Ireland's agriculture sector is broadly seen as being the biggest potential loser from Brexit, while it also faces a sizeable threat should Donald Trump's protectionist overtones become a reality. But those threats do not seem to have dented the optimism of the companies involved in the sector, at least according to the latest Agribusiness report from the Irish Farmers' Journal and KPMG. Its survey of senior management in a range of global agriculture and food companies found that the majority expected growth - both in terms of their own business and the global economy. 

"In this year's Agribusiness report, 80% of the companies that we surveyed are quite confident and expect to grow in 2017, which is quite surprising given the threats of Brexit and Trump," said Eoin Lowry, who authored the report. "What's most interesting is that a greater share of them expect to grow at a stronger rate - with a little more than half of them expecting to grow by more than 5%."


The vast majority of the firms surveyed also expected to invest in their business during the year - with much of that money going towards capital projects - as they seek to develop opportunities at home and abroad. That investment is taking different forms depending on the company, Mr Lowry said, but it is all based on well-developed plans nonetheless. "We're in a global environment with very little or no growth in some geographies and these companies are all about growth," he said. "They're playing out strategies that have been in place long before Trump and Brexit.

"If you take Greencore, it is transforming its business in the Food-To-Go space with its acquisition of Peacocks Foods in the US which will see its US business quadruple in the next few years. Similarly with Glanbia, it's restructuring its Irish operations," he said. 

Whatever form those changes are taking, they are all built around the firms' attempts to better cater to consumer demands, which in recent years has been very much focused on the quality of the produce. "It's very focused on that performance nutrition, that healthy eating space, and that's very much on trend. The companies are seeing that the consumer is front-and-centre, wants to know where their food is coming from and wants to be sure it's being produced in an environmental and safe manner."

Catering to that trend is not the sole preserve of the producers, however, as everything from retailers to fast food chains seek to improve what they are offering in order to attract and retain customers. For McDonalds that is taking the form of ensuring the sustainability of the goods it acquires, according to Mr Lowry, while the likes of Lidl is hoping to build on its ever-growing market share by improving the quality of its offering.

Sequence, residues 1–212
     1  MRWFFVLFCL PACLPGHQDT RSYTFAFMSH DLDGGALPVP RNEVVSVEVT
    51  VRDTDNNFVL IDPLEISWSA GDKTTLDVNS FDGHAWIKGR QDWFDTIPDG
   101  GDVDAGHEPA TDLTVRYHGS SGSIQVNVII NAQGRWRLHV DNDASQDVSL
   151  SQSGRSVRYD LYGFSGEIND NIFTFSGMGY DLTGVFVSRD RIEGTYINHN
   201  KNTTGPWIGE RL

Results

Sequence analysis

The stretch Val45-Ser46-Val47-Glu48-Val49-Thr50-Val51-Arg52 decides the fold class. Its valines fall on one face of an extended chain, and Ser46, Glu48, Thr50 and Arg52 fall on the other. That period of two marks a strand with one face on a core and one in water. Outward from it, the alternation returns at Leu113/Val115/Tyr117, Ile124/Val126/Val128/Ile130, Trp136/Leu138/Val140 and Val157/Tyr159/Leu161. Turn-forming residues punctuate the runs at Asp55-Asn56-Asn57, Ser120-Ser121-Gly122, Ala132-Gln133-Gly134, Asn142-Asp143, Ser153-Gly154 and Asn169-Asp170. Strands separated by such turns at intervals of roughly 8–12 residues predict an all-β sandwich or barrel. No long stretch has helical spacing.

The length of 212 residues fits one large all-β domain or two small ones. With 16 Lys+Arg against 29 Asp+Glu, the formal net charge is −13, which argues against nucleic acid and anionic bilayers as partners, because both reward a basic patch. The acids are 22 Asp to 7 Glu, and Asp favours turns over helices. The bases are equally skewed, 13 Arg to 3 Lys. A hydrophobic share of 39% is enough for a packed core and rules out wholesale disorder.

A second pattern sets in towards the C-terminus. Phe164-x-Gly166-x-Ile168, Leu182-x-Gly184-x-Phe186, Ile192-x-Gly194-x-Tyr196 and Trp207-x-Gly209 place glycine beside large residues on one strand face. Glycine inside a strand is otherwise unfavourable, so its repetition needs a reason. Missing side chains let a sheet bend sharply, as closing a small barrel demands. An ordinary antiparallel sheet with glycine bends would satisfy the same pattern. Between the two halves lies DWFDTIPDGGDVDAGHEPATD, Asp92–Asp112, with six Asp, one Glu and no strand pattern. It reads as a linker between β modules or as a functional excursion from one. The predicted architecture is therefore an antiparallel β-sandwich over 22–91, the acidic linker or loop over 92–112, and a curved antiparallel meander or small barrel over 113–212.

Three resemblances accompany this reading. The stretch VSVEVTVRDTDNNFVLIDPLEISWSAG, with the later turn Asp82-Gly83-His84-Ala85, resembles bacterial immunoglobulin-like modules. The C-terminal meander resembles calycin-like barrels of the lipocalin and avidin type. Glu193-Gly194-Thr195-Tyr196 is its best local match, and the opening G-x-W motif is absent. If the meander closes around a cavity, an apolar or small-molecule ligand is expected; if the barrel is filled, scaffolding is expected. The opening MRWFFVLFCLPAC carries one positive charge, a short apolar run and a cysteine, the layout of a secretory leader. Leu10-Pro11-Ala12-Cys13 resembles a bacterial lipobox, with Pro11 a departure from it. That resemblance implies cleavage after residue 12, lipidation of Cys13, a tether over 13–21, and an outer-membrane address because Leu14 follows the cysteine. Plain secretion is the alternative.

"They were identified as one of the hard discounters when they came into the market almost ten years ago, but they want to capture more share of the market and what they're doing is moving up the value chain," he said. "They're offering fresh food that is bang on the consumer trend and will get more people into their stores."

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MORNING BRIEFS - C&C Group made an operating profits of €95m in the year to the end of March, according to its annual results, down almost 8% on 2016 but only slightly lower on a constant currency basis. The drinks group saw revenues of €559.5m during the year, down 15.5% on an annual basis and almost 7% lower when the effect of currencies are removed. C&C Group owns a number of alcohol brands including Bulmers and Tennant's - as well as soft drink label Finches and Tipperary Water.

*** The UK government has confirmed that it has sold all of its shares in Lloyds Banking Group, marking the firm's return to full private ownership nine years after it was bailed out. Britain invested more than £20 billion in the bank in 2009 - taking a 43% stake in the process. Multiple share sales had seen that fall gradually, with the government's holding standing at just 0.25% last week. 

*** Shares in social media platform Twitter rose last night after another one of its co-founders announced that they would return to the company. Biz Stone was one of the four people to create Twitter in 2006, but left the firm five years later. He has since gone on to help create the popular blogging platform Medium, as well as a search company that was recently acquired by Pinterest. In a post online Stone said he would return to "shape the experience internally" and would give more details of his new role soon. He is now the second Twitter co-founder to return to the company, after Jack Dorsey who returned as its CEO in late 2015.